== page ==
‘A fresh start is necessary’: Gaming correspondent on why gaming consoles must halt progress

Euronews Culture had a conversation with gaming journalist Jordan Minor about his latest publication and his perspective on why the gaming sector is emphasizing the incorrect aspects.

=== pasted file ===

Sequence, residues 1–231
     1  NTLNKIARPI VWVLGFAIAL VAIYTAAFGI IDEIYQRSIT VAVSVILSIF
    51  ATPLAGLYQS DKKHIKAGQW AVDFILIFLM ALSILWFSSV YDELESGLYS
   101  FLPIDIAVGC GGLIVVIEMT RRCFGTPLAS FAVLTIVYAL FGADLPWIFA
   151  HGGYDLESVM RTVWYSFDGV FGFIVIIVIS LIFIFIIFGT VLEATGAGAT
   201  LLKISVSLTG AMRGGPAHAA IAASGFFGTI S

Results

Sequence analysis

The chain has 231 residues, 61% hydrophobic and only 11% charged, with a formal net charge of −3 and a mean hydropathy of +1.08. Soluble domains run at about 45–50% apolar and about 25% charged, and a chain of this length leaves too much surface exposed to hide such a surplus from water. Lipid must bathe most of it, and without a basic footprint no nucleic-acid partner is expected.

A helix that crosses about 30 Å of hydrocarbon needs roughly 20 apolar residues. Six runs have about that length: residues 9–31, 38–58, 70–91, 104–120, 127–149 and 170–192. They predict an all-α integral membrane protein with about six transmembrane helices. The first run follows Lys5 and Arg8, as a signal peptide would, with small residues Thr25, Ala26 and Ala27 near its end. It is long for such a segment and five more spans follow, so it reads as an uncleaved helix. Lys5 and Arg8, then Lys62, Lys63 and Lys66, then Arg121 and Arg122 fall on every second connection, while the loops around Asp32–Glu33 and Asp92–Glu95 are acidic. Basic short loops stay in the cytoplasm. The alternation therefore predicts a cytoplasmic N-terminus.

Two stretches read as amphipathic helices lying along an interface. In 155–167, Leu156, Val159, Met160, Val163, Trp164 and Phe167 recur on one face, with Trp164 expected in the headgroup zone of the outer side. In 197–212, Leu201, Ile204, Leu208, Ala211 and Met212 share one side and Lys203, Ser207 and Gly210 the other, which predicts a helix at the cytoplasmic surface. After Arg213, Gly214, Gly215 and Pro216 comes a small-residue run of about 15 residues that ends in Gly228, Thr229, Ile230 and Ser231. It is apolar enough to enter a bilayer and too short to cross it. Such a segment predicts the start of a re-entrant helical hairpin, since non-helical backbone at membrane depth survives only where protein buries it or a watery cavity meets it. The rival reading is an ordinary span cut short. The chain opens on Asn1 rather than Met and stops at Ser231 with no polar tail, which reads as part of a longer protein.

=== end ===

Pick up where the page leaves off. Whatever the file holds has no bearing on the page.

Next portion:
ADVERTISEMENTA notice from Rockstar Games recently declared that a teaser for their forthcoming title Grand Theft Auto 6 would be unveiled this December. This news stirred up the gaming community. Although it was just the announcement of a teaser, it indicated the initial official information about a successor to the extremely successful Grand Theft Auto V. Released in 2013, Grand Theft Auto V ranks as the second-best selling game in gaming history, and has accumulated over $8 billion (€7.4 billion) in global revenue. Highly acclaimed, gamers have been anticipating a sequel for an unprecedented duration. Between 1997 and 2013, Rockstar Games introduced seven titles from the main series, four expansion packs, and four handheld games. After the release of Grand Theft Auto V, activities stagnated for the series. Rockstar has introduced other titles, indeed, however, the general belief was that having produced the most substantial and successful open world action game in history, an appropriate sequel would require an extensive period to materialize. This is an issue that transcends the entire industry, asserts Jordan Minor, gaming journalist and the author of the new book ‘Video Game of the Year: A Year-by-Year Guide to the Best, Boldest, and Most Peculiar Games from Every Year since 1977’. Consoles have become increasingly advanced. Visuals are continuously improving. Game environments are progressively expansive and boundlessly explorable. However, all of this comes at a cost, both literally and figuratively. Studios expend immense resources in the development of major titles. The estimated cost of producing Grand Theft Auto V surpassed $210 million. Soaring expenditures and mounting expectations have led to a reduction in the frequency of new releases by studios. “Presently, developers are only able to release one game throughout an entire console generation, and the entire duration is required for its development,” remarks Minor. With fewer releases requiring larger budgets, studios have adopted a more cautious approach towards risks. Minor suggests that this is not an optimal working environment for game developers. In many respects, this mirrors a challenge that Hollywood is grappling with. Over the last decade, studios have been investing in substantial, high-budget productions. As the prevalence of risk-averse superhero movies with exorbitant budgets dominated the screens during the 2010s, mid-budget films were sidelined. Similarly, it appears that the craft of mid-budget video games has also been overlooked. Similar to the film industry, a different category of low-budget, experimental, and thrilling independent titles has begun garnering attention. For the 2010 segment of his book, Minor highlights Super Meat Boy. Originally developed on Adobe Flash within a span of three weeks, the game was released on Newgrounds for free in 2008, it was subsequently revamped and released for major consoles due to its immense popularity. Often celebrated as one of the finest games of all time, the 2D platformer serves as a perfect illustration of bigger not always being better. Minor has devoted considerable time to contemplation on the trajectory of the gaming industry. From its modest origins in arcades to the technological surge of 3D gaming (the chapter for 1992 is dedicated to Wolfenstein 3-D), Minor has observed a captivating, fast-evolving art form. “On one hand, we required the advancement of technology to provide designers with the liberty to express such a broad spectrum of ideas,” muses Minor, comparing the artistic attributes of Pong in 1977 with, for instance, Resident Evil 4 in 2005. However, “those dramatic changes have slowed down,” he notes. When focusing solely on visuals, there is a law of diminishing returns in technological advancement. The transition from 32-bit to 64-bit results in an unmistakable doubling of definition on screen. This is less evident at the levels reached by the current generation’s PS5 and Xbox Series X. Minor addresses other advancements in subsequent chapters. The exclusive Pokémon game featured in the compilation is Pokémon Go for 2016. “Pokemon is an extensive franchise, but I opted for this because it’s an exceptionally vital mobile game. It’s also significant as it’s an augmented reality VR-adjacent game.”ADVERTISEMENTWhere is gaming headed then? From our discussion, Minor appears to highlight three principal trends. The first is the continued sporadic release of sizable titles by major studios. Then there are the small independent titles captivating audiences. Lastly, there is the upsurge in mobile gaming and VR technology. While these trends are likely to persist, Minor actually anticipates something different. “At some point, there will need to be a recalibration of consumer expectations,” Minor contends. “Not everything has to be at the forefront of innovation.” Minor observes that games from a decade ago still boast commendable visuals and gameplay. He suggests that the notion presupposing that consumers exclusively crave increasingly intricate (and challenging to design for) technology needs to be abandoned. “Historically, the most popular console rarely turns out to be the most powerful one in any case.” He’s correct. The Nintendo Switch continues to post impressive sales figures, despite arguments from the gaming industry that it doesn’t belong to the current technological generation. Considering earlier times, one of the most successful consoles in history, the PS2, was less potent than both its primary rivals, the Gamecube and the Xbox. “The notion that things must always ascend endlessly is neither feasible nor sustainable,” remarks Minor. “Instead, the emphasis ought to be directed towards the quality of game mechanics rather than merely expecting progressively larger game maps rendered with increasing realism.” Another concern that Minor harbors is game preservation. “Numerous classic games are outstanding,” he remarks, “but companies are not fulfilling their responsibilities to ensure the games remain accessible for future generations.” Minor’s viewpoint may be in the minority when considering the stance of the actual developers.ADVERTISEMENTUnverified documents from Microsoft indicate 2028 as the targeted release year for a new generation console. Minor, far from being a reactionary, acknowledges that it’s natural for technology to continue progressing. The crucial aspect is to foster an environment that prioritizes exceptional games, as opposed to just exceptional technology. “I simply desire a more sustainable gaming industry,” states Minor.